“In the Heart of the Sea” by Nathaniel Philbrick (Viking, 2000)

The Prequel to Moby-Dick

In the Heart of the Sea
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Not enough people have read Moby-Dick, and most people know it has something to do with a white whale and a nut called Ahab – oh yeah, and it starts off something like, “Call me Ishmael.”

All the above information is correct but deceptively vague.  The final scene in Herman Melville’s Moby-Dick involves the whale ship in the novel, the Pequod, being struck head-on by the giant white sperm whale.  Some have question whether a whale would be able to do such a thing.  In the Heart of the Sea proves this to be true.

In the Heart of the Sea by Nathaniel Philbrick is the story about the tragedy of the whale ship Essex, which served as Melville’s research for the climactic final scene in Moby-Dick.  In 1819 the Essex set sail on a multiple-year journey around the world in search of whale, specifically sperm whales and their rich and expensive oil.  Fifteen months later, in the abyssal depths of the South Pacific, a whale rammed the ship head-on.  The hull was crippled and the ship quickly sank; all hands managed to escape on their large whaleboats.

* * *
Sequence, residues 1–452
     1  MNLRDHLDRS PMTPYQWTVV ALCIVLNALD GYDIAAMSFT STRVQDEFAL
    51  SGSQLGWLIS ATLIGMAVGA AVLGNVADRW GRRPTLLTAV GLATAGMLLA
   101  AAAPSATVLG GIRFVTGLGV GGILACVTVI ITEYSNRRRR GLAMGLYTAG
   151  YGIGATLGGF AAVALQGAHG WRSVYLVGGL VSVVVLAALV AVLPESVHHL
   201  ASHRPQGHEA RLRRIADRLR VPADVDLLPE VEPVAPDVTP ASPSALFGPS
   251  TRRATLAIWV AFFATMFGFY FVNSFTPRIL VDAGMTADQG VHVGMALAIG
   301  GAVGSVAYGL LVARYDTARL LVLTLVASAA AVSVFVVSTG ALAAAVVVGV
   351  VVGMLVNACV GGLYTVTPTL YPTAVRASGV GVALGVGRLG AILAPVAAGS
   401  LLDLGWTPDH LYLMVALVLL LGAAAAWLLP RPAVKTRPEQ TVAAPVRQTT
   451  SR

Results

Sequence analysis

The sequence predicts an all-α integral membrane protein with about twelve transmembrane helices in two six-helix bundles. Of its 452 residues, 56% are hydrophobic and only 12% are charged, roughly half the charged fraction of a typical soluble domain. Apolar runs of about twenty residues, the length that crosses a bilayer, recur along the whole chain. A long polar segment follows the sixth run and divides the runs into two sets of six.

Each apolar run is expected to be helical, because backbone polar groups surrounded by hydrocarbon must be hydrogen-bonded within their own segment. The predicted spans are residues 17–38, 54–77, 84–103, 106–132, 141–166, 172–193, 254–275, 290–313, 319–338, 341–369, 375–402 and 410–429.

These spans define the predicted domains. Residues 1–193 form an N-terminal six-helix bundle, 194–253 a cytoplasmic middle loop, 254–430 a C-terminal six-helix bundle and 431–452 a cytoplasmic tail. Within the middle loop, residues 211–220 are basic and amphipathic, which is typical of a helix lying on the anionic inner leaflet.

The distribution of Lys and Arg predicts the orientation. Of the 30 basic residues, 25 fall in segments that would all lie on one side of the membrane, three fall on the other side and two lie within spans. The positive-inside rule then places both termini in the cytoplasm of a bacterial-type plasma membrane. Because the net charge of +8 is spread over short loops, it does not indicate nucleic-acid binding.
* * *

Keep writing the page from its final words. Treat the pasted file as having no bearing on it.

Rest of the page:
Twenty men in three boats were set adrift in the world’s largest ocean, with little supplies and diminishing hope.  Nevertheless, their captain kept his courage: they debated heading west towards the Pacific islands, but feared cannibalism – gruesome details having been brought back from sailors who had sailed through the islands – instead, they struck out east, heading for South America.  So began their harrowing journey of starvation, isolation, and madness.

Three months later, two boats were discovered, with only eight of the remaining crew.  They were found gaunt and nothing but hanging flesh, the bones of their crew lay in the bottom of the boats, having provided a menial cannibalistic feast for the remaining members.

‘Tis a story of grave irony: a hardy crew set sail in opposite direction to that way which cannibals lie, ultimate suffering the same fate as their supposed enemies, reduced to consuming the flesh, skin and bone of their fellow seamen.  Nathaniel Philbrick does an excellent job of telling this gruesome story in vivid detail and moving narration.